The drugs in this profile are selective serotonin reuptake inhibitors (SSRIs). Except for fluvoxamine (LUVOX), they are all approved by the Food and Drug Administration (FDA) for major depressive disorder (MDD). Various SSRIs also are approved to treat other psychiatric disorders: obsessive-compulsive disorder, bulimia, panic disorder, social anxiety disorder and post-traumatic stress disorder. Although SSRIs may reduce the risk of suicide in depressed adult patients, particularly adults over...
The drugs in this profile are selective serotonin reuptake inhibitors (SSRIs). Except for fluvoxamine (LUVOX), they are all approved by the Food and Drug Administration (FDA) for major depressive disorder (MDD). Various SSRIs also are approved to treat other psychiatric disorders: obsessive-compulsive disorder, bulimia, panic disorder, social anxiety disorder and post-traumatic stress disorder. Although SSRIs may reduce the risk of suicide in depressed adult patients, particularly adults over age 65, there is evidence that fluoxetine (PROZAC, SARAFEM, SYMBYAX) and other antidepressants may actually increase suicide risk in children, teenagers and young adults aged 18 to 24., Only fluoxetine is approved for MDD in children. Fluoxetine, fluvoxamine and sertraline (ZOLOFT) are approved in children and adolescents for the treatment of obsessive-compulsive disorder.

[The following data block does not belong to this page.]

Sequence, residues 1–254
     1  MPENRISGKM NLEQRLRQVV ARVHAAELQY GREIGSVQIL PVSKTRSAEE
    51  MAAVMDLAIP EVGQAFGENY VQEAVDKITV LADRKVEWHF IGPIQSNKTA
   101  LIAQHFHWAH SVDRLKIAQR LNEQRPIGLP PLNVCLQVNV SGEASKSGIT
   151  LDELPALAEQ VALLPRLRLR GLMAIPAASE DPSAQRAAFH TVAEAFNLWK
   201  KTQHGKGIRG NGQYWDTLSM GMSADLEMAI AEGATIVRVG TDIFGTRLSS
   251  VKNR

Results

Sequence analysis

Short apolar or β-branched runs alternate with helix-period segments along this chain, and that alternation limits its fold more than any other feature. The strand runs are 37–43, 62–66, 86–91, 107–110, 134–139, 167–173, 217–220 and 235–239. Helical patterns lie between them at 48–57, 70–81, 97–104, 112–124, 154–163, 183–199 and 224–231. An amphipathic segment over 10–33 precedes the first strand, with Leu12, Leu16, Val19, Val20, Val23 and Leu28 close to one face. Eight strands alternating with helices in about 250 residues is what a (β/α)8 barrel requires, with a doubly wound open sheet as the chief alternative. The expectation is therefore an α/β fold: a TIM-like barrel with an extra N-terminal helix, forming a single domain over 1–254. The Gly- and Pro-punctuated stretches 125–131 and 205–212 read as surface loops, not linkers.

For patients who need an antidepressant drug, we recommend trying one of these SSRIs first, as these are the safest antidepressants. If symptoms do not improve sufficiently with use of an SSRI and remain severe, further treatment with other antidepressants is warranted.
Do not use paroxetine (BRISDELLE) for hot flashes
BRISDELLE contains a low dose (7.5 milligrams [mg]) of the SSRI paroxetine, the same active ingredient contained in PAXIL and PEXEVA. This low-dose version of paroxetine is FDA-approved for treatment of hot flashes associated with menopause.
In March 2013, Public Citizen's Health Research Group testified before an FDA advisory committee to warn about paroxetine's questionable benefits in women with hot flashes associated with menopause as well as the drug's previously well-established risks. Also, some patients who took paroxetine to treat hot flashes in clinical trials and who had no history of prior mental illness developed suicidal thoughts and mood changes after starting the drug. The advisory committee subsequently opposed approval of Brisdelle, but the FDA ultimately rejected this recommendation and, in June 2013, approved yet another drug with risks that clearly outweigh its benefits.